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Interview with Kai Tödter

„For me, browsers are the new Rich Client Platforms“

Kai Tödter

Elegant web applications can be built with AngularJS, Typescript and Spring Boot. The method will be explained during Kai Tödter’s workshop (Siemens) at the JAX conference; he will also dive into the eternal war between JavaScript and TypeScript and explain the way REST and HATEOAS work. He offered us a preview of what his workshop is all about.

JAXenter: Why do you use a combination of AngularJS, TypeScript and Spring for web applications? What’s so special about these technologies?

Kai Tödter: Spring, especially the combination between Spring Boot with Spring Data Rest and Spring HATEOAS, is very appropriate when it comes to  developing RESTful web services with very little boilerplate code. The Spring Stack provides a good part of the necessary infrastructure, which allows developers to focus solely on their work. I, myself, am a big fan of web technologies for “Rich Clients” that run in browser. For me, browsers are the new “Rich Client Platform”, especially as it’s very easy to support different form factors and devices. AngularJS is one of the many JavaScript application frameworks that can be used for that. A big community and the fact that AngularJS has found its way into the more conservative enterprise domain make it special. AngularJS 1 is already used productively and Angular 2 is just around the corner. I’ll explain Angular’s new concepts during my workshop.

JAXenter: Why TypeScript and not JavaScript?

Kai Tödter: In my opinion, JavaScript isn’t exceedingly qualified for big structured applications. In addition, modern web UIs, with their complex presentation logic, get even more ample. On one hand, TypeScript is very helpful because it provides much needed paradigms from OO fields, like classes, interfaces, generics, enums and annotations (renamed as TypeScript decorators); on the other hand, it provides an optional static type-system. Therefore, it’s now possible to offer good tooling support through IDEs. I’m a big TypeScript fan.

JAXenter: What is still/again a crucial point in the use of REST and RESTful web services?

Kai Tödter: Although most of the REST architecture constraints have prevailed, HATEOAS (Hypertext as the engine of application state) is not implemented in many APIs or is just poorly executed. REST clients can be created through hypermedia deployment and link relations on the server page -making them much less susceptible to URL structure changes of the server page. There are no official standards, but some specifications, like HAL (hypertext application language) or Siren, are a nice gain for several languages or platforms. Spring Data Rest supports HAL out of the box, which is just another reason for me to use it.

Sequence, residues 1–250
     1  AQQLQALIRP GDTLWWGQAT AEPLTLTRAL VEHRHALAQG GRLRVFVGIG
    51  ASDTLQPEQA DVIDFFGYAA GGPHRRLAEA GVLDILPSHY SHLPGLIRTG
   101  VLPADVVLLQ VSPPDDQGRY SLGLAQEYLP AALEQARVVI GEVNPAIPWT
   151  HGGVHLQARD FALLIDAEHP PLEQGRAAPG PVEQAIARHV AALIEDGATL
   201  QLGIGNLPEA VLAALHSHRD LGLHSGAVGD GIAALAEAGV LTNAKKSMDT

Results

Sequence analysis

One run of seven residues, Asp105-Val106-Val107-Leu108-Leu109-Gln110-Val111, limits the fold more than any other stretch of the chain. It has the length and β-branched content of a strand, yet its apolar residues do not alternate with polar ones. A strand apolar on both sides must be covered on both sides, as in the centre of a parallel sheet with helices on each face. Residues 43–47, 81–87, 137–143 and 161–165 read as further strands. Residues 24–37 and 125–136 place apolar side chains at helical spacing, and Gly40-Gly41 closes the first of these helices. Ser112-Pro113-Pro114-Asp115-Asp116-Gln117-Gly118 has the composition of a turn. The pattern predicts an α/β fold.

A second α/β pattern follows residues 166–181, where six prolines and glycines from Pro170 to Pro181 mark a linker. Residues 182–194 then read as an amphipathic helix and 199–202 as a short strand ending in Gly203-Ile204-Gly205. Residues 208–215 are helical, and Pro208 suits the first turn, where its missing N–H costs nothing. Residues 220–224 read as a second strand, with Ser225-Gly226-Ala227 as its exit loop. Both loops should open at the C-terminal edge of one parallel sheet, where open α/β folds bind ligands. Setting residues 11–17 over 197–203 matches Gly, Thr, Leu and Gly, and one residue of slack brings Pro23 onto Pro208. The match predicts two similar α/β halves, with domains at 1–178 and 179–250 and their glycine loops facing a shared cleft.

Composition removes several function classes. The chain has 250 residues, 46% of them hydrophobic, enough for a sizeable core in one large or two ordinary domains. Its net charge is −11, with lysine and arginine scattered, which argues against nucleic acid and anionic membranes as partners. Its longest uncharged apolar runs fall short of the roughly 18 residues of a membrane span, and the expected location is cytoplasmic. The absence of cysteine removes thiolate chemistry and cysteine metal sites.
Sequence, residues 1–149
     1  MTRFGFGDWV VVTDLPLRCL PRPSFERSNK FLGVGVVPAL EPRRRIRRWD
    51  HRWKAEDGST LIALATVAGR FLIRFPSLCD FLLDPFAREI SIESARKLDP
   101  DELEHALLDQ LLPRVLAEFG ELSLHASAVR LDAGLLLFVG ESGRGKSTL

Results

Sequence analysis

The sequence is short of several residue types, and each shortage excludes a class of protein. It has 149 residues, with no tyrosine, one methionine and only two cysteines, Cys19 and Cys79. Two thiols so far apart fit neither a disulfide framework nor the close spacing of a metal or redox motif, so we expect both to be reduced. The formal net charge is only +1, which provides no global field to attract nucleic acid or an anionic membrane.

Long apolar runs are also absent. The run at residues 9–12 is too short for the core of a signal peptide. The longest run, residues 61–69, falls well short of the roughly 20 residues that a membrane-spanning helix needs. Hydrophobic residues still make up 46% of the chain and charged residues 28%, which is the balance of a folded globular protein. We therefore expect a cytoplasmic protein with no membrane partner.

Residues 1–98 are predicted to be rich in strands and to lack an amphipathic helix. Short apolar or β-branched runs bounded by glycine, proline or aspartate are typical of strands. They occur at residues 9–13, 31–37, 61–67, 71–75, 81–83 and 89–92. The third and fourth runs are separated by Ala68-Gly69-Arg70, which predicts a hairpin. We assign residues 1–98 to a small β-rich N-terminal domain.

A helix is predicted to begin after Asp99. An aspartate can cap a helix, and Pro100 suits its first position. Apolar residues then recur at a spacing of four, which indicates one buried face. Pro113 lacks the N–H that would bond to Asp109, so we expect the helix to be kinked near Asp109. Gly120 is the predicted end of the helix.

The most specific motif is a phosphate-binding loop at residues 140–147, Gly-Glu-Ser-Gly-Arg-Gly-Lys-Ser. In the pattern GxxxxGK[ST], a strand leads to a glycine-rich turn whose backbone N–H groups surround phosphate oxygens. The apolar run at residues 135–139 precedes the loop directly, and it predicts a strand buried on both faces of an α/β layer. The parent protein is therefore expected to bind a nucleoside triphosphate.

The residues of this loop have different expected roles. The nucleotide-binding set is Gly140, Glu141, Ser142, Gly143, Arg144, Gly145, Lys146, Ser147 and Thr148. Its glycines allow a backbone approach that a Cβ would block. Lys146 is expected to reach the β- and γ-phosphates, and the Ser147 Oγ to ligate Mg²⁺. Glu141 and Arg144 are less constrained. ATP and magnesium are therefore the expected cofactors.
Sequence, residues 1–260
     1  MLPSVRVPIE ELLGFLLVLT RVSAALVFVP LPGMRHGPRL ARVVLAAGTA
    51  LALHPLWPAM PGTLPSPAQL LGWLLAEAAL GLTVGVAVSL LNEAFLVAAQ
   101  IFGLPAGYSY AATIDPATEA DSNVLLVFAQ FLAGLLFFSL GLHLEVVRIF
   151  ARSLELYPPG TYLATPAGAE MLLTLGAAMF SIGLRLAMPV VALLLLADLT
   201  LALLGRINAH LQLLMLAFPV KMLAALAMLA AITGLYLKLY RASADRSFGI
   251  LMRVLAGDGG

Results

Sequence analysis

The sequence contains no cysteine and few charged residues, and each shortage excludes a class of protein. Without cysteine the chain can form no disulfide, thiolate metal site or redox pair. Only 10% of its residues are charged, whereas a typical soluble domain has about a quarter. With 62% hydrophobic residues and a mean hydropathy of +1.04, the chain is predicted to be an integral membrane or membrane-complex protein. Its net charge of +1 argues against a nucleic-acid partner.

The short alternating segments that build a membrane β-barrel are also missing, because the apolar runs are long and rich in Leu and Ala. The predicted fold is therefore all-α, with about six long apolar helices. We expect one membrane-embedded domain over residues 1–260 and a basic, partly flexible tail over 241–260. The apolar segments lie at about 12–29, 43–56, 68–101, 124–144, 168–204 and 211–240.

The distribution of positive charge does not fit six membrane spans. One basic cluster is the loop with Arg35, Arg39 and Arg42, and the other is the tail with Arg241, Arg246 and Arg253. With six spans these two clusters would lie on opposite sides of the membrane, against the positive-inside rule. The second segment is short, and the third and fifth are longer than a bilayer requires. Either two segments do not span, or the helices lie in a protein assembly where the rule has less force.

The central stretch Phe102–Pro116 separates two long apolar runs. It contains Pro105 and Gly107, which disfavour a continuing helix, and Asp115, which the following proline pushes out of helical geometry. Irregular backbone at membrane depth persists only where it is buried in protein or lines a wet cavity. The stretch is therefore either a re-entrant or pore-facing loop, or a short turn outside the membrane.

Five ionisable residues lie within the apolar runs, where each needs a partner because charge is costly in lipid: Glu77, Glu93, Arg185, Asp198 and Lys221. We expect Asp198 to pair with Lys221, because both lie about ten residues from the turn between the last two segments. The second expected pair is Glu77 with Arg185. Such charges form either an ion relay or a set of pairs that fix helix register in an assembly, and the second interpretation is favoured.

JAXenter: When do REST web applications also need HATEOAS?

Kai Tödter: To put it boldly: RESTful services with HATEOAS are quite like my favorite news aggregating sites. I always visit the same bookmarked URL and behind each news item there’s a link with worthwhile information. I don’t care if a link points to a server in the US today, and in Germany tomorrow. HATEOAS is needed if clients want their applications to do exactly that. The only URL a client needs is the root URL of APIs. Everything else is made up of links. The only anchor point is the name of the link relation, which should preferably remain unchanged while the underlying links are free to change.

JAXenter: What could make the development of web applications easier and better? What’s missing?

Kai Tödter: The IDE support for the full-stack developer is pretty good today, but could improve nonetheless. As a developer myself, I want to be able to set breakpoints in client TypeScript and server Java to really implement end-to-end debugging. It’s already possible with some IDEs, but there are just a few available. Nowadays, software developers are preoccupied with DevOps and are also interested in installation, deployment, continuous delivery and operation. Therefore I also hope for better IDE support for Docker and Cloud deployment. Some IDEs are quite innovative and deliver significant updates on a weekly basis, but others are lagging pretty far behind.

Author
Kai Tödter
Kai Tödter is a Senior System Software Architect at Siemens Building Technologies. He has ca. 20 years Java-experience and represented Siemens at Java Community Process (JCP) and Eclipse Foundation. Kai is also a committer for some open-source projects and his current key subjects are web-technologies, microservices and hypermedia-APIs.

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